A corporate model is not the way forward

Just as the profession sits down to digest the implications of the RCGP's road map document on the future of general practice, another august body has decided to offer its perspective on the issue.

'Just what the patient ordered' is the CBI's prescription for the profession and takes the view that if only general practice was run as a market and took lessons from large corporations, everything would be fine and dandy.

The authors appear to know a lot more about business than they do about general practice. Among their recommendations we find that patients should be allowed to change practices if they wish and there should be a set of standards against which to measure the quality of general practice. They also call for more information on GP services to be made available to patients - something that was clearly required by the authors.

Ill-informed comment and support for extended opening, polyclinics and practice-based commissioning aside, the report does raise some interesting questions about attitudes to primary care and who is best placed to run it.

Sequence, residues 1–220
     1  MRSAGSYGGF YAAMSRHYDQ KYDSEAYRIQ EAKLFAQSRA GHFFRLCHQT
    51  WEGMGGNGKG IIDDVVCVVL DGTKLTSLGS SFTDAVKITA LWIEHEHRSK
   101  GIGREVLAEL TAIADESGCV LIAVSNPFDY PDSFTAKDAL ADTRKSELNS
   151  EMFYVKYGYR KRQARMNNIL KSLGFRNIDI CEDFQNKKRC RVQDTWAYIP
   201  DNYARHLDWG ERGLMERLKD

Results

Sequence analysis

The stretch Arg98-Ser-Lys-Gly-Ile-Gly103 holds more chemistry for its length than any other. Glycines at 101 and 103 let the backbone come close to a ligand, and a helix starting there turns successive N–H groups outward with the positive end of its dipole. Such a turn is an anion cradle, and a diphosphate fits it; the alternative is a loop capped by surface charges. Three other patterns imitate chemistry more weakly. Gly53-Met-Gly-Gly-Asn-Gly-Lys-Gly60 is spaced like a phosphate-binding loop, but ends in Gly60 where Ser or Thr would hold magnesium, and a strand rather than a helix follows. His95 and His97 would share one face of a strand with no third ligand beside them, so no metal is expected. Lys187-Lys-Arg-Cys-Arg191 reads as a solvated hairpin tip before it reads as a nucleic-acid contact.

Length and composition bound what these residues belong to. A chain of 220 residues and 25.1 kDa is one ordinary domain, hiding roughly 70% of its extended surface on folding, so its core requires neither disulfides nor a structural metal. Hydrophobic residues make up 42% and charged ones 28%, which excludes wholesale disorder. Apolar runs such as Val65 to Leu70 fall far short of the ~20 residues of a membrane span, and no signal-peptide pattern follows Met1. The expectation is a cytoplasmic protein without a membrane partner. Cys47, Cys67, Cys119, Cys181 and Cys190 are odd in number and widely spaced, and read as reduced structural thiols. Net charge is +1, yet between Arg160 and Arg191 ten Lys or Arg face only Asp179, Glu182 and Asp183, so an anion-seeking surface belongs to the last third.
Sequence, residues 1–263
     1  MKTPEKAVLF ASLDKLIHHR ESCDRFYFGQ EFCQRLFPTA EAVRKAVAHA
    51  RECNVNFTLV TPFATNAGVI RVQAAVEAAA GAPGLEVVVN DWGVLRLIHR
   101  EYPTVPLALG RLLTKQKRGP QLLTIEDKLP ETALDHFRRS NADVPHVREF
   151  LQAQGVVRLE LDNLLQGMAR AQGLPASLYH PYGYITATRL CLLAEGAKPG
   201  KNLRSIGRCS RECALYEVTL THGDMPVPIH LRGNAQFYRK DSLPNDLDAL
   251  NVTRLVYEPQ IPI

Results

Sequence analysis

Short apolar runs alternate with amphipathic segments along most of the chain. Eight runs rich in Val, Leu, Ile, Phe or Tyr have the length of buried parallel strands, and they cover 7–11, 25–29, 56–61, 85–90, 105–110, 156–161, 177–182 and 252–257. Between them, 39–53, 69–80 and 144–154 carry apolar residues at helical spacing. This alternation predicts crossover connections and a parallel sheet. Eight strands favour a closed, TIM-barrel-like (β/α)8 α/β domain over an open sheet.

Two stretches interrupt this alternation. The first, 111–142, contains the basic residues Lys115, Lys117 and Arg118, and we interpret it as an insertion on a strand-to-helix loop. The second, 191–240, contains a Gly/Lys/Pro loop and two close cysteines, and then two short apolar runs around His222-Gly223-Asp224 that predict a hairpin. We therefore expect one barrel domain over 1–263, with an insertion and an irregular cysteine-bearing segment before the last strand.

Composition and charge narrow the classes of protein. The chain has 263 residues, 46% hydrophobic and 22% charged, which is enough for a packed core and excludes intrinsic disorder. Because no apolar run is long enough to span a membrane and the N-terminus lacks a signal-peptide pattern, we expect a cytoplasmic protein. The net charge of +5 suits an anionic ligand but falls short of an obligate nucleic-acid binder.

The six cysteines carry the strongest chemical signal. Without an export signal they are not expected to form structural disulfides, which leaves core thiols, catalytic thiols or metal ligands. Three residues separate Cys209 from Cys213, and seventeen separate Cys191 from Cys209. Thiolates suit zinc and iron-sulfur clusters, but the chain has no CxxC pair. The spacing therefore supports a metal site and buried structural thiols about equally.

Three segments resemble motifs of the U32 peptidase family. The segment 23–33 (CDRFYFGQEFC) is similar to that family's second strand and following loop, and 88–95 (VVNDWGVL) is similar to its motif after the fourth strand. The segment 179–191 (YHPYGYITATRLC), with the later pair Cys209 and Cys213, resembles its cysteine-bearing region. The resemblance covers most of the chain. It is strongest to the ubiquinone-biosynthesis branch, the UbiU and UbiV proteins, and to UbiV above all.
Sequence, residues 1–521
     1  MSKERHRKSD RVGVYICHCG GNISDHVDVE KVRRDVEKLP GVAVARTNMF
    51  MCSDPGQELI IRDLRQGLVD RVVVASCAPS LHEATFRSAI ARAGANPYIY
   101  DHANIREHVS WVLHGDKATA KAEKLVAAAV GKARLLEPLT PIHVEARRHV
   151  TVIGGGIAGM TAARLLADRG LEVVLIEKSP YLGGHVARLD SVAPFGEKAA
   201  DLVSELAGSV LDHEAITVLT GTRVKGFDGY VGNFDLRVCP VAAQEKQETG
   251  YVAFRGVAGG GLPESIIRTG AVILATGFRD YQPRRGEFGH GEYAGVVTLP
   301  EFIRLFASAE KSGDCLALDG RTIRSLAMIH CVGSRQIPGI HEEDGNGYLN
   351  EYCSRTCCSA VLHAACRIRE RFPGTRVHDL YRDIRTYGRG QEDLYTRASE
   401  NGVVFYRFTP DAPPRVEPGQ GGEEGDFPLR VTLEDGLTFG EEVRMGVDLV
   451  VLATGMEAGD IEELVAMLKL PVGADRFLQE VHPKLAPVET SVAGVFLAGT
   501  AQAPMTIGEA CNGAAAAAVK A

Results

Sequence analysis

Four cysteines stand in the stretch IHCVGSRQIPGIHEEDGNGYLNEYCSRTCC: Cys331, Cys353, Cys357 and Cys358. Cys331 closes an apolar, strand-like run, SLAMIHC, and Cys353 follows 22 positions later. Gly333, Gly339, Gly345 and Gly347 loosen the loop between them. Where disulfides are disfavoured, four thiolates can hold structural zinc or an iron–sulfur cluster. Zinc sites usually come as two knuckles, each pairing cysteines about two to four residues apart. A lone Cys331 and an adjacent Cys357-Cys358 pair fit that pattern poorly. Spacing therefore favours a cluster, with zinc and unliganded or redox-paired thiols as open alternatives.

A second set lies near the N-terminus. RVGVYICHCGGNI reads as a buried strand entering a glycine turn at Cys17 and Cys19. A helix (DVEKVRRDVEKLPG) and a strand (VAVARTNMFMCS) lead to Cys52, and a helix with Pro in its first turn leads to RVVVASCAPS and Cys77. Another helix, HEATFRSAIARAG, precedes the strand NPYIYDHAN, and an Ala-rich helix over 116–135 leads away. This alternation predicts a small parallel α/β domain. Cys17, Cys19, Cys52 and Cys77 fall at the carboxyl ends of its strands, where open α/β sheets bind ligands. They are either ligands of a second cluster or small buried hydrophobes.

The CBI calls for patients to be 'in the driving seat' but by patients it seems to mean big business. Recent surveys suggest patients are happy with access as it is and survey data reveals that smaller practices are scoring best with patients. Battles over APMS contracts also reveal that patients trust GPs over large private providers. But the CBI report bemoans the fact that contracts have mainly gone to 'local entrepreneurial GPs'.

Yes, efficient use of the NHS budget is essential. Yes, primary care services must be of the highest quality possible. Yes, there are many changes needed in how healthcare is delivered.

But this does not mean that the corporate model is necessarily the way forward. Moving, as the CBI suggests, to a purely market-based model would mean the end of the MPIG and potentially the end of some practices, and no business would open longer for no increase in their income. The NHS can learn from business, but that doesn't mean it can be run like an airline or a supermarket.

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